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Darwell, Jane (1879–1967)

Darwell, Jane (1879–1967)

American actress who won an Academy Award for Best Supporting Actress for her characterization of Ma Joad in The Grapes of Wrath. Born Patti Woodward in Palmyra, Missouri, on October 15, 1879; died of a heart attack at the Motion Picture Country Home on August 13, 1967; daughter of W.R. Woodward (a railroad tycoon and president of the Louisville Southern Railroad); attended Miss Loring's private school, Chicago, a girls' school in Louisville, Kentucky, and Dana Hall, Boston; apprenticed with the Chicago Opera House.

Selected films:

Rose of the Rancho (1914); Brewster's Millions (1920); Tom Sawyer (1930); Back Street (1932); Design for Living (1934); Life Begins at 40 (1935); Captain January (1936); Slave Ship (1937); Three Blind Mice (1938); Jesse James (1939); The Rains Came (1939); Gone with the Wind (1939); The Grapes of Wrath (1940); All That Money Can Buy (1941); Private Nurse (1941); The Ox-Bow Incident (1942); The Impatient Years (1944); Captain Tugboat Annie (1946); My Darling Clementine (1946); Three Godfathers (1948); Wagonmaster (1950); Caged (1950); The Lemon Drop Kid (1951); Fourteen Hours (1951); We're Not Married (1952); The Sun Shines Bright (1952); Hit the Deck (1955); The Last Hurrah (1958); Mary Poppins (1964).

In 1940, a plump, middle-aged actress named Jane Darwell received an Academy Award for Best Supporting Actress for her characterization of Ma Joad in the film version of John Steinbeck's Grapes of Wrath, a performance that is still considered one of the best character portrayals to ever come out of Hollywood. For Darwell, the award marked a quarter-century in films, but she still had another 20 years of work ahead of her. Recognized more by her peers than the public, Darwell's name is associated with the cadre of actors whose outstanding performances hold films together by providing support for the more richly rewarded stars with whom they share the screen.

Darwell was raised at the family ranch near Iron Mountain, Missouri, and in the cities where her father had business interests—Chicago, St. Louis, and Louisville. Her early ambition was to become a bareback rider. After a prestigious education at some of the finest schools in the country, she decided to become an actress. Compromising with her parents who wanted her to pursue a more respectable career in light opera, Darwell spent two years apprenticing at the Chicago Opera House, after which she took up acting studies in London and Paris, where she also played some minor roles.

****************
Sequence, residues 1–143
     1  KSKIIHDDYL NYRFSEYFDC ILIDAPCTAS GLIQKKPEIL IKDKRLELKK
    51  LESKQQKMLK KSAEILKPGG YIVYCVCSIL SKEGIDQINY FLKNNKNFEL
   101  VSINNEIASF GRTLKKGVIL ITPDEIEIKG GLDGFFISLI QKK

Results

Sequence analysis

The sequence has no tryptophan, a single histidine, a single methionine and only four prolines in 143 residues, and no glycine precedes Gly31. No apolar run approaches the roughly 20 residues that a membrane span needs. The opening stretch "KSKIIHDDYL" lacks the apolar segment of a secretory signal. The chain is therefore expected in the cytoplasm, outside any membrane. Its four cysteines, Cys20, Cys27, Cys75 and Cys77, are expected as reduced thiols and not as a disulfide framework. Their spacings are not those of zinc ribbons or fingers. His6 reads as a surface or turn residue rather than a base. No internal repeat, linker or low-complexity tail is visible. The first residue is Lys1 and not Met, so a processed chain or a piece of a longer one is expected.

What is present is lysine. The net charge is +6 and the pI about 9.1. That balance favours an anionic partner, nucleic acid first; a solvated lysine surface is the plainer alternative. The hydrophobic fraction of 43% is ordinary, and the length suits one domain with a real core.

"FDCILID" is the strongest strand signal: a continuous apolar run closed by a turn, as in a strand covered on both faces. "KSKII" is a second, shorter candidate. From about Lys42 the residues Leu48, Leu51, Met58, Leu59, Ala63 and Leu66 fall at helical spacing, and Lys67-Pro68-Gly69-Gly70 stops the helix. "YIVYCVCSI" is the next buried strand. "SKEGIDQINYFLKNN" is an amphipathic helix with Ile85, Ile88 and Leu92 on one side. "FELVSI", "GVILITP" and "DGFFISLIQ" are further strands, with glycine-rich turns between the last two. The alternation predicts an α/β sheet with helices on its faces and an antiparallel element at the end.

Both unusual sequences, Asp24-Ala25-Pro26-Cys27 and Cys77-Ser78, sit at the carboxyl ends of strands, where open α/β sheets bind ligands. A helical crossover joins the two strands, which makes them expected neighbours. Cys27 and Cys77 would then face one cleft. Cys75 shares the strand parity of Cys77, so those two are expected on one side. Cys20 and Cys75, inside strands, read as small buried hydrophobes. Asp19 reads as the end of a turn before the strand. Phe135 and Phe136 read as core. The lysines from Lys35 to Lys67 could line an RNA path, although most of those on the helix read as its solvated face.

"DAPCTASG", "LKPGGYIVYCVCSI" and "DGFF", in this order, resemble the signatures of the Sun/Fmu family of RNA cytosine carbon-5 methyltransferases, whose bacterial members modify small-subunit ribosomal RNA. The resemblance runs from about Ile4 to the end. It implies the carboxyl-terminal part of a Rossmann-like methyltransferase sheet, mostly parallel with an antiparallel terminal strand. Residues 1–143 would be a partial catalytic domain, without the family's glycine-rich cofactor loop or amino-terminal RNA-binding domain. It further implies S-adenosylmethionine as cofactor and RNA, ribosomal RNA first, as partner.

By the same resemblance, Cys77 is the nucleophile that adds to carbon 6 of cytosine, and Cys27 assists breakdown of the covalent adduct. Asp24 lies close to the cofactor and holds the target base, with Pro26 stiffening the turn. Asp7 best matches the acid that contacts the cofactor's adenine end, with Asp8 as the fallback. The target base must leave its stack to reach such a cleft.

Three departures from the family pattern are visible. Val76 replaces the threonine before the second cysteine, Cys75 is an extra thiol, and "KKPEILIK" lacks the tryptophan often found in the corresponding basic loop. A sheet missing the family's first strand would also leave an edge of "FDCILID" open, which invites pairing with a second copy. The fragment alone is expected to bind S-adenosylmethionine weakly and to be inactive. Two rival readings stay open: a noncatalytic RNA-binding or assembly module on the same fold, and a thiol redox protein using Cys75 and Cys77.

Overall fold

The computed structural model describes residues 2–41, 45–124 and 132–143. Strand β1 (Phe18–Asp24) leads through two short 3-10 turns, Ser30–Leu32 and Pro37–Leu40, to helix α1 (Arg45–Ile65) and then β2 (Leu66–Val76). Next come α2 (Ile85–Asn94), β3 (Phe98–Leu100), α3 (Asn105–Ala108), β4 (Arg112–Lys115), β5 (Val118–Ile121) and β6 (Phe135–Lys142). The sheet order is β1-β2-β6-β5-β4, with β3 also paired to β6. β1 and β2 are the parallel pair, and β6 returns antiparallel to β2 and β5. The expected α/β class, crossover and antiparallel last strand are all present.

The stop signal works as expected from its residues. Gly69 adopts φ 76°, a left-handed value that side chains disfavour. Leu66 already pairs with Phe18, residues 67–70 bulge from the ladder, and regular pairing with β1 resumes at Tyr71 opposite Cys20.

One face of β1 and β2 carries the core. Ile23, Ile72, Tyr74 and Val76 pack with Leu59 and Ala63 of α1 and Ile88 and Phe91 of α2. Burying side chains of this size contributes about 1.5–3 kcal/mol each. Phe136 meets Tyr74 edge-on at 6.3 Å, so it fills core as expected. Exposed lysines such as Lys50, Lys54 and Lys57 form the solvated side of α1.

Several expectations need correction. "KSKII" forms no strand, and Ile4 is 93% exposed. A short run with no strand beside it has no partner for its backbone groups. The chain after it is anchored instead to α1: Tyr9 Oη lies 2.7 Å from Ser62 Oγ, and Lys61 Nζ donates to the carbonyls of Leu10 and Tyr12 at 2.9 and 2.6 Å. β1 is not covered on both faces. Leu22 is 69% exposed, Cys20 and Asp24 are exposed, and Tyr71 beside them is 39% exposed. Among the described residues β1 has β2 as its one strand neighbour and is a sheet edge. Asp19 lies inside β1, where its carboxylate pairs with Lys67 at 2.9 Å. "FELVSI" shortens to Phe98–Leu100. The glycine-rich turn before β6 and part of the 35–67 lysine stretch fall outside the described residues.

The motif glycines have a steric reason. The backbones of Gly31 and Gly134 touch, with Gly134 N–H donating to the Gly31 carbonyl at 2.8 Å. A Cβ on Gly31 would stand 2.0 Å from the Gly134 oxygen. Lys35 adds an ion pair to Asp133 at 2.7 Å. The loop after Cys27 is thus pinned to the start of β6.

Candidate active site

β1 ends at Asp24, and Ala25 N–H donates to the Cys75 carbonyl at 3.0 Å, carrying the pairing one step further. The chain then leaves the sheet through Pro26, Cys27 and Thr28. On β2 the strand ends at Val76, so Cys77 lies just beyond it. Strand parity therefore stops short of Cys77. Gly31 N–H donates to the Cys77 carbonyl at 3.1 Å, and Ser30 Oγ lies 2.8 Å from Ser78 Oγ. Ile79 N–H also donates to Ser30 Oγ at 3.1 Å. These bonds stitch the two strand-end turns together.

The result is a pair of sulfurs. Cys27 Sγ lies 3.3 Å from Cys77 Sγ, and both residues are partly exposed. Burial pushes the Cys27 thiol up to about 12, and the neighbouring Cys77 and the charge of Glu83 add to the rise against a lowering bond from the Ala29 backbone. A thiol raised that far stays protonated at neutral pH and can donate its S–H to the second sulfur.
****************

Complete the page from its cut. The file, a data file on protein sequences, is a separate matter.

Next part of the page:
From 1913 to 1915, Darwell was a member of the pioneering Lasky Film Company, appearing in the early silent films Rose of the Rancho, The Master Mind, and Brewster's Millions. Most of her early career was spent alternating between stage and film work, and the resulting wide range of experience eased her later transition into talkies. During a two-season stint on Broadway, Darwell had a role in Sidney Howard's first play, Swords (1921). She also appeared with Henry Duffy's company in San Francisco and on tour in Portland, Seattle, and other cities along the West Coast. From 1930 on, however, most of her work would be in film.

Darwell started and ended her career in character roles. She appeared in countless films throughout the 1930s, usually cast as domineering motherly types that she came to despise. "Those mealy-mouthed women," she called them, "how I hated them. I played so many of them—those genial small-town wives. I was getting awfully tired of them, and the studio didn't have anything else for me, so we were preparing regretfully to part." As she faced this juncture, 20th Century-Fox tested her for the part of Ma Joad only out of politeness. With 53 actresses in contention, Darwell's test was viewed after the studio executives had decided on someone else. Director John Ford requested that they see Darwell before finalizing their decision, and her characterization turned out to be so outstanding that they cast her. Darwell found much to admire in Ma Joad. "She is such a fine strong character," she said, "able to endure anything. All these terrible things happen to her. She still manages to go on…. Oh, it's a grand part."

In 1940 when she received the Academy Award, Darwell lived on an estate outside Hollywood with her brother's grandnieces, 14 dogs, and 17 cats. Comfortable with middle age because it allowed her to forget about her figure and the vagaries of love, she looked forward to years of acting. Darwell continued to grace the screen until 1964, three years before her death.

Barbara Morgan , Melrose, Massachusetts

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